Some will say that writing letters to senators and congressmen is a waste of time. As far as stopping state violence goes, I can’t say I have any evidence to the contrary. And yet, for some reason, I keep doing it. A big reason is that it doesn’t take a whole lot of effort; the time and cost of writing an email are relatively low (especially when using a service like DownsizeDC.org). Another reason is that I want them to know that I am aware of what they’re doing (and not doing). Their iniquities are not a secret. Thirdly, I suppose if enough people do it they might start to change their behavior. I don’t really depend on this as a primary method for change, but I don’t want to leave any stone unturned. And unlike voting, which many will argue is an aggressive act or endorsement of the regime, letter writing has no such stigma.
Within the past few days, I have written a bit about the drone war and how upsetting it is to me. If you have the time, I would highly encourage skimming through some of the sections of the Living Under Drones paper, which states the following:
- Those who order the drone strikes often don’t know who they are killing. The government reports very few civilian casualties partially because they count any male of military age as a “combatant” unless proven otherwise.
- The US government uses a “double-striking” tactic, where they will bomb one spot and bomb that same spot again later. This has led to the deaths of rescue workers trying to save people who were bombed in the first attack.
- The number of high-level targets killed as a percentage of total casualties is extremely low—estimated at just 2%.
- Many families have pulled their children out of school, fearing for their safety. As well, Pakistanis are afraid to attend funerals because they have been targeted by drone strikes in the past. Able to hear the drones overhead, they live in a constant state of fear.
If you are American, how does it make you feel that you are forced to fund such horrible things? I tried appealing to my “representatives,” telling them I do not consent to such actions. Here is what one of them wrote back.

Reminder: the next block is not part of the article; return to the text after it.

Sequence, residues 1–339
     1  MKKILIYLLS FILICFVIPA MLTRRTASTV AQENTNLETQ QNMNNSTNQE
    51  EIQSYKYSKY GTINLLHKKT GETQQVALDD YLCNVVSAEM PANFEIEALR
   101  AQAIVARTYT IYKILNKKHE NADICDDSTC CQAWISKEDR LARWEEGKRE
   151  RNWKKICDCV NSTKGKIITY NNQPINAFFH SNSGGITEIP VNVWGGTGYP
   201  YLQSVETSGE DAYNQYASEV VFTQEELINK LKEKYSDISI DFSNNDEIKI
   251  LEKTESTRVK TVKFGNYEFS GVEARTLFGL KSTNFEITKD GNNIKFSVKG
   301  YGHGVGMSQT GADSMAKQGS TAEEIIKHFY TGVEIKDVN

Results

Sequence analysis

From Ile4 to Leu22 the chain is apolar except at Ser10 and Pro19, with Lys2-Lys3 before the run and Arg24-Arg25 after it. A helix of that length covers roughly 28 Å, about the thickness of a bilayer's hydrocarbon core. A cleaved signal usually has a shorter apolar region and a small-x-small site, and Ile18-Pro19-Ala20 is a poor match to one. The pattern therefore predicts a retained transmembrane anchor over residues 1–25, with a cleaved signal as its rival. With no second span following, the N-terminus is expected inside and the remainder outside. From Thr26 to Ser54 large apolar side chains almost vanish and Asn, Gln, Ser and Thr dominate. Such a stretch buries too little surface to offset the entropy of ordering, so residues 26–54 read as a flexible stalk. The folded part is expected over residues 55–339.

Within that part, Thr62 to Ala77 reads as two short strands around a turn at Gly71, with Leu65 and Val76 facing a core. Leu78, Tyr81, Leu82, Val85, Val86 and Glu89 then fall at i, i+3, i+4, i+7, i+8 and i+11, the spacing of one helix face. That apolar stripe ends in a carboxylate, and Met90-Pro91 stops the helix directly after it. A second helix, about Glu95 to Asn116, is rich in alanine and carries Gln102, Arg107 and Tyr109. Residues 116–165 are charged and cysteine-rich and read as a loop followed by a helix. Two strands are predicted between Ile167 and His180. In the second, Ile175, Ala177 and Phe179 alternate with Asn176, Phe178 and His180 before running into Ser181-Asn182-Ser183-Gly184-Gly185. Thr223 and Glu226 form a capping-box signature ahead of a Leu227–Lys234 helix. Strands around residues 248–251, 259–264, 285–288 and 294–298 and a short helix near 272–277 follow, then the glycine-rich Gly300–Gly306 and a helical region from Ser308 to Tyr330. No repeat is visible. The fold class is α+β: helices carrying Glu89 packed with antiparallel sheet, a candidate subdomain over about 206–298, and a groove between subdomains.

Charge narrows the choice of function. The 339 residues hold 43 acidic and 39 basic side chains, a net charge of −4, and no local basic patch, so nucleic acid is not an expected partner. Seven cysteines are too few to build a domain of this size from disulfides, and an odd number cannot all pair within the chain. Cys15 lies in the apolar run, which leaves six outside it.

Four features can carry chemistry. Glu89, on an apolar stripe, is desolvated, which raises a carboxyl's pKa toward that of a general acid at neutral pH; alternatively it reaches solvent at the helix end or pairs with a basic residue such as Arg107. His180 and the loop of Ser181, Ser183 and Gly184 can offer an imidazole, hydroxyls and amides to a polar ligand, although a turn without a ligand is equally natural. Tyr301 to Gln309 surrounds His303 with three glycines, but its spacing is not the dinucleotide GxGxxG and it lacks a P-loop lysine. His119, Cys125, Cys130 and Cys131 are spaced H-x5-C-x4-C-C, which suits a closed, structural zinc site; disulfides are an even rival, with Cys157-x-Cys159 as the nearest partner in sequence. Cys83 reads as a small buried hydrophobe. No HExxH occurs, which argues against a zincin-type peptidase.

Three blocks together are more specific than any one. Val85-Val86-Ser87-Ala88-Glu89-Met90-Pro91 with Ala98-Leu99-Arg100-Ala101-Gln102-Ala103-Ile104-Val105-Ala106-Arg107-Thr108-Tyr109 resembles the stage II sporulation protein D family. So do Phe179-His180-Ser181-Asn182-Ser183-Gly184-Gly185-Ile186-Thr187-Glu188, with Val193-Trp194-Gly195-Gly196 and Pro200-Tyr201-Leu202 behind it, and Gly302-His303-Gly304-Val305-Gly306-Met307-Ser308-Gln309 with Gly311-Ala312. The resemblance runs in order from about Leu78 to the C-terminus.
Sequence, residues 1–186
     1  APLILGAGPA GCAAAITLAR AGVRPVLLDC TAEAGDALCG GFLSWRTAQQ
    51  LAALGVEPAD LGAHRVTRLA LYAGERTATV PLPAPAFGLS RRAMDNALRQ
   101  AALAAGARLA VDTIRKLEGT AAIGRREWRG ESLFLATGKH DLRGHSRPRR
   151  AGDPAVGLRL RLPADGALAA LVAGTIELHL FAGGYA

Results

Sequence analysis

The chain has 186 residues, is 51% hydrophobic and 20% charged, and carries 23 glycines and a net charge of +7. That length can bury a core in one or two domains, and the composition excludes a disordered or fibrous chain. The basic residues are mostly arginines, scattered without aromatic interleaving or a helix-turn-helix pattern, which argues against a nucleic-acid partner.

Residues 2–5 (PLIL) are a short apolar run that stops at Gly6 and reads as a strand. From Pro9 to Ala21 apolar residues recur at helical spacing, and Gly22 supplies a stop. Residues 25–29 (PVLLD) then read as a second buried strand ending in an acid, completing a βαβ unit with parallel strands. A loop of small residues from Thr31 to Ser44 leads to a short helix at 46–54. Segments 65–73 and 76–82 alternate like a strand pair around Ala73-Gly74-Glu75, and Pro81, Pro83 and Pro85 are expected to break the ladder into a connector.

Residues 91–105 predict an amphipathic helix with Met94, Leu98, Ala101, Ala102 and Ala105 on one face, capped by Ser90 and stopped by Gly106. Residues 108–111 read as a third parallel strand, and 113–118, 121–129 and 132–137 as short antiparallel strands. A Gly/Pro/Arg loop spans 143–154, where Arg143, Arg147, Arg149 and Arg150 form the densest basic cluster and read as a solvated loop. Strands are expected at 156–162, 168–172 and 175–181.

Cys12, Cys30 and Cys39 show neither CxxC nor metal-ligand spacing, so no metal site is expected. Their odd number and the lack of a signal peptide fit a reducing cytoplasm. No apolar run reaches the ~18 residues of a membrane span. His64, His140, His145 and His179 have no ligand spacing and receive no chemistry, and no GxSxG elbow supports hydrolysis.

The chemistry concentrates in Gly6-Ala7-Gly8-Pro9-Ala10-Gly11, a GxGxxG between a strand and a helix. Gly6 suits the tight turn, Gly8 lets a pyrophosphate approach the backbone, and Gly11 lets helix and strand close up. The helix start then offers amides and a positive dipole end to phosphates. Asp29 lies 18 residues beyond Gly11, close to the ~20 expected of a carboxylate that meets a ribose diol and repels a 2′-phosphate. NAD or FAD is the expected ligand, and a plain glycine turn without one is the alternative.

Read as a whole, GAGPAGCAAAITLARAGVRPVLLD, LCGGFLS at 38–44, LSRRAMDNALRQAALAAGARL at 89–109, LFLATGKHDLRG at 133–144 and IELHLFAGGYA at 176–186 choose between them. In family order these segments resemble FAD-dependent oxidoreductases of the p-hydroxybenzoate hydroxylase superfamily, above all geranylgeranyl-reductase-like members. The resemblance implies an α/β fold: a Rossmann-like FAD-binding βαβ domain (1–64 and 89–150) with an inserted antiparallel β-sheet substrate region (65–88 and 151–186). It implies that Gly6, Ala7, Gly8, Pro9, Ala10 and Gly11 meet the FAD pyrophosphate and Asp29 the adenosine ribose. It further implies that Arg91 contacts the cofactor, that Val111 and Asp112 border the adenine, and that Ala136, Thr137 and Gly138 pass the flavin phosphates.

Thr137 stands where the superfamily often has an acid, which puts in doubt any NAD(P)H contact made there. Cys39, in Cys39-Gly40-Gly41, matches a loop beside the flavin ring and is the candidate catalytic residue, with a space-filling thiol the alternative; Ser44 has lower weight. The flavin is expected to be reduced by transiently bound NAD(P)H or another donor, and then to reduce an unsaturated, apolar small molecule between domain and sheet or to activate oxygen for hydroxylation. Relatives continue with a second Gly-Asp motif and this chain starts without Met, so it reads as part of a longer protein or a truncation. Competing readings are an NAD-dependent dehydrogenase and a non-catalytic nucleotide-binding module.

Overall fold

Dear Mr. Fegley:
Thank you for contacting me regarding the targeted killing of al-Qaida terrorists with drone strikes. I appreciate hearing from you.
Al-Qaida still poses one of the most significant threats to the security of the United States. They operate in and plan attacks on U.S. interests from Yemen, Pakistan, Algeria and elsewhere to include the U.S. homeland. In order to effectively prosecute the war on terror and destroy al-Qaida cells, the president must make full use of all the weapons of war at his disposal, including intelligence gathering assets and drones.
I recognize the concern some have over President Obama’s legal justification for the use of lethal drone strikes against terrorists operating inside a nation with whom we are not at war. However, once the government identifies a target as a member of al-Qaida, an entity with whom we are at war, the president’s legal authority to eliminate that target comes from the 2001 Congressional Authorization for the Use of Force Against Terrorists.
I can understand why this would make many Idahoans uneasy, but it’s absolutely appropriate and necessary. As a member of the Intelligence Committee, I can assure you we conduct thorough oversight of these attacks.
I really value your effort to get in touch with me to share your thoughts, as many Idahoans do. Please do not hesitate to contact me in the future on this or other issues.
Very Truly Yours
James E. Risch
United States Senator
Well, this should tell you a few things about Risch.
- He doesn’t care about the Constitution if he thinks the “2001 Congressional Authorization for the Use of Force Against Terrorists” allows the president to kill anyone at will. He doesn’t even acknowledge the possibility that someone killed in a drone strike might not have been al-Qaeda or that some of them have been Americans.
- He is either a liar or a sociopath or both. I seriously doubt he conducts thorough oversight of these attacks, meaning he’s a liar (and criminally negligent at his job) if he doesn’t. If he actually does, he should know over a hundred children have been killed in them since 2004. It would seem that he simply doesn’t care, compromising his ethical capacity.
- He is ready to give the president just about any power the president wants. Powers don’t get much greater than deciding who lives and who dies.
Please tell me if you think I’ve been unfair in this analysis of Risch. If not, please help me make this post of the top results when searching “Senator James Risch” so people can know what he really is.